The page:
Propaganda Prophecy

The Matrix Reloaded: Neo and The Oracle in the park

The Matrix 101

Q: Morpheus doesn’t seem himself in Revolutions – he’s just not kicking butt with the confidence of the previous movies. What’s happened?

A: Morpheus has just learned from Neo that the prophecy is a lie. It’s another system of control engineered by the machines. While he’s likely not completely convinced of this yet, the simple fact is that this man has based his entire existence on finding the “One of Prophecy” to stop the war and free his people. Now, today, he’s been told his life’s work is a sham. This has a debilitating effect on Morpheus. He cannot lead any longer because he doesn’t know where to go next. It’s up to Neo, and Morpheus still believes in Neo, so he does what he has to do to support Neo. If that means co-piloting the Hammer with Niobe, he’ll do it. If it means being the first human to lay down his weapon when faced with hesitating Sentinels after the battle of Zion, he’ll do it. His role is not diminished, nor is his importance, but the path he’s following has changed. We learn the prophecy is a lie from The Architect’s conversation in Reloaded.


Oracle: Morpheus, Trinity.  Thank you for coming. One thing I’ve learned in all my years is that nothing ever works out just the way you want it to.
Trinity: Who are you?
Oracle: I’m the Oracle. I wish there was an easy way to get through this, but there ain’t. I’m sorry this had to happen.  I’m sorry I couldn’t be sitting here, like you remember me. But, it wasn’t meant to be.
Trinity: What happened?
Oracle: I made a choice and that choice cost me more than I wanted it to.
Morpheus: What choice?
Oracle: To help you, to guide Neo.  Now, since the real test for any choice is how we make the same choice again, knowing full well what it might cost, I guess I feel pretty good about that choice, `cause here I am, at it again.
Trinity: Do you know what happened to Neo?
Oracle: Yes.  He is trapped in a place between this world and the machine world.  The link is controlled by a program called the Trainman. He uses it to smuggle programs in and out of the Matrix. If he finds out where Neo is before you get to him, then I’m afraid our choices are going to become difficult.
Trinity: Why?
Oracle: Because of who the Trainman works for.
Morpheus: The Merovingian.
Oracle: He has placed a bounty on your lives. You must be careful at all times.  Seraph knows how to find the Trainman.  He’ll go with you.  For years he has protected me.  I hope he can do the same for you.
Seraph: Please, follow me.
Morpheus: Oracle…
Oracle: I know, Morpheus. I can see you are filled with doubt, clouded by uncertainty.
Morpheus: After everything that has happened, how can you expect me to believe you?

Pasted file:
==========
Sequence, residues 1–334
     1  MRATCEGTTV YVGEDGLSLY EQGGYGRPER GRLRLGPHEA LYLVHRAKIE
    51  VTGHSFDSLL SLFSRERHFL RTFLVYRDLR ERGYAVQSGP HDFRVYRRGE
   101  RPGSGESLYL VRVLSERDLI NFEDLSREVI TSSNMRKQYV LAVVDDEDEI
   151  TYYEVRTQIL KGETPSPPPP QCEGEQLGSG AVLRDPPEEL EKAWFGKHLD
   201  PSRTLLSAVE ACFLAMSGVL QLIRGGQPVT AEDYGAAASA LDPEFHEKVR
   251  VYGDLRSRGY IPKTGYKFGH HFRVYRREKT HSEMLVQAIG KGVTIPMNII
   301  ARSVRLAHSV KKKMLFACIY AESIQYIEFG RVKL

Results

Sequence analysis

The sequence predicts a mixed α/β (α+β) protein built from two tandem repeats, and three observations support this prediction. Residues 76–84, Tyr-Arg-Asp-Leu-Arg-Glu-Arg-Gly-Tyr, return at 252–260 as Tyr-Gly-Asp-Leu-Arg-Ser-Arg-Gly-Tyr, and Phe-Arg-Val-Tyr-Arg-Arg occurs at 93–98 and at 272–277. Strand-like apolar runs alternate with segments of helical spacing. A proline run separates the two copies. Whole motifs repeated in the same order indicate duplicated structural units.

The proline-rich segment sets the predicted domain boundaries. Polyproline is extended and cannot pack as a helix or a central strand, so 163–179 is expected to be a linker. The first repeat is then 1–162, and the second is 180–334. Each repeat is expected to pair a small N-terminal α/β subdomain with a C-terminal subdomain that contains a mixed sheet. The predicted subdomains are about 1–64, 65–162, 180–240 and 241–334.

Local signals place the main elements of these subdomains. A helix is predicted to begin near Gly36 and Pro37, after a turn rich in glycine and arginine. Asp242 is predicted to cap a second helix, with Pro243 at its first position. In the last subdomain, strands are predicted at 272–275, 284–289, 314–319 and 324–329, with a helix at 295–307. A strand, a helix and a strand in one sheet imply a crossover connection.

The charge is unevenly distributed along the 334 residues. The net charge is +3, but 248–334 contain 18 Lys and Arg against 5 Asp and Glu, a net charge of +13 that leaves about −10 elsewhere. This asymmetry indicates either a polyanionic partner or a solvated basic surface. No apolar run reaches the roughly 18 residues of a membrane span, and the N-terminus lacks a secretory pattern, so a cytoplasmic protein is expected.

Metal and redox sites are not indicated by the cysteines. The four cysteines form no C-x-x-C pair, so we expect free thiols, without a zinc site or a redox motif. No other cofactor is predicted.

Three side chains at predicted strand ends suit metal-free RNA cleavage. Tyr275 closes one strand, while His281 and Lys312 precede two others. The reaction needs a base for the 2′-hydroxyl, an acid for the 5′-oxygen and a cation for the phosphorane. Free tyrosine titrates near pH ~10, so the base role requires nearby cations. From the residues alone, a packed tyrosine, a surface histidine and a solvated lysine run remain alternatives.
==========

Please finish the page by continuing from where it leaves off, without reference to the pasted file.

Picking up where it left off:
Oracle: I don’t.  I’ve expected what I always expected: for you to make up your own damn mind. Believe me or don’t.  All I can do is tell you that your friend is in trouble and he needs your help. He needs all our help.


Q: Why does Smith laugh maniacally after taking over The Oracle?
A: The Oracle is not an oracle. She cannot see the future. This is not a world of magic. She is a well crafted program indeed, and has experienced each cycle form the beginning which gives us the illusion that she can foresee stuff…. so, whatever it is Smith sees is another step in her manipulation, which again fuels why she decided to be absorbed by him – the only way to keep playing her game. Smith laughs as she gives him an immense sense of confidence (although false); crucial for the last chapter to be a success.

The Oracle’s Gamble

The Oracle, she’s crafty. All along we thought she was baking cookies and handing candy to strangers, but it turns out she’s a player. She played Neo, Trinity, and Morpheus. She played The Merovingian, and she totally played The Architect. If he had a real head, it would still be spinning from the moves she made.
The Oracle, described by The Architect as “an intuitive program, initially created to investigate certain aspects of the human psyche”, has been around since the beginning. She’s experienced the 5 previous iterations of the Matrix, and has guided The Ones along the path in each iteration. But over time, her purpose has changed: she’s learned more about the human psyche than any other machine or program. She’s seen them struggle, fight, fall, get back up, and keep going. She’s seen them live, love, and die. She’s seen Ones follow the path. She’s seen others put their faith in The One and do everything necessary to assist him or her. In short, she’s seen it all. And she’s learned.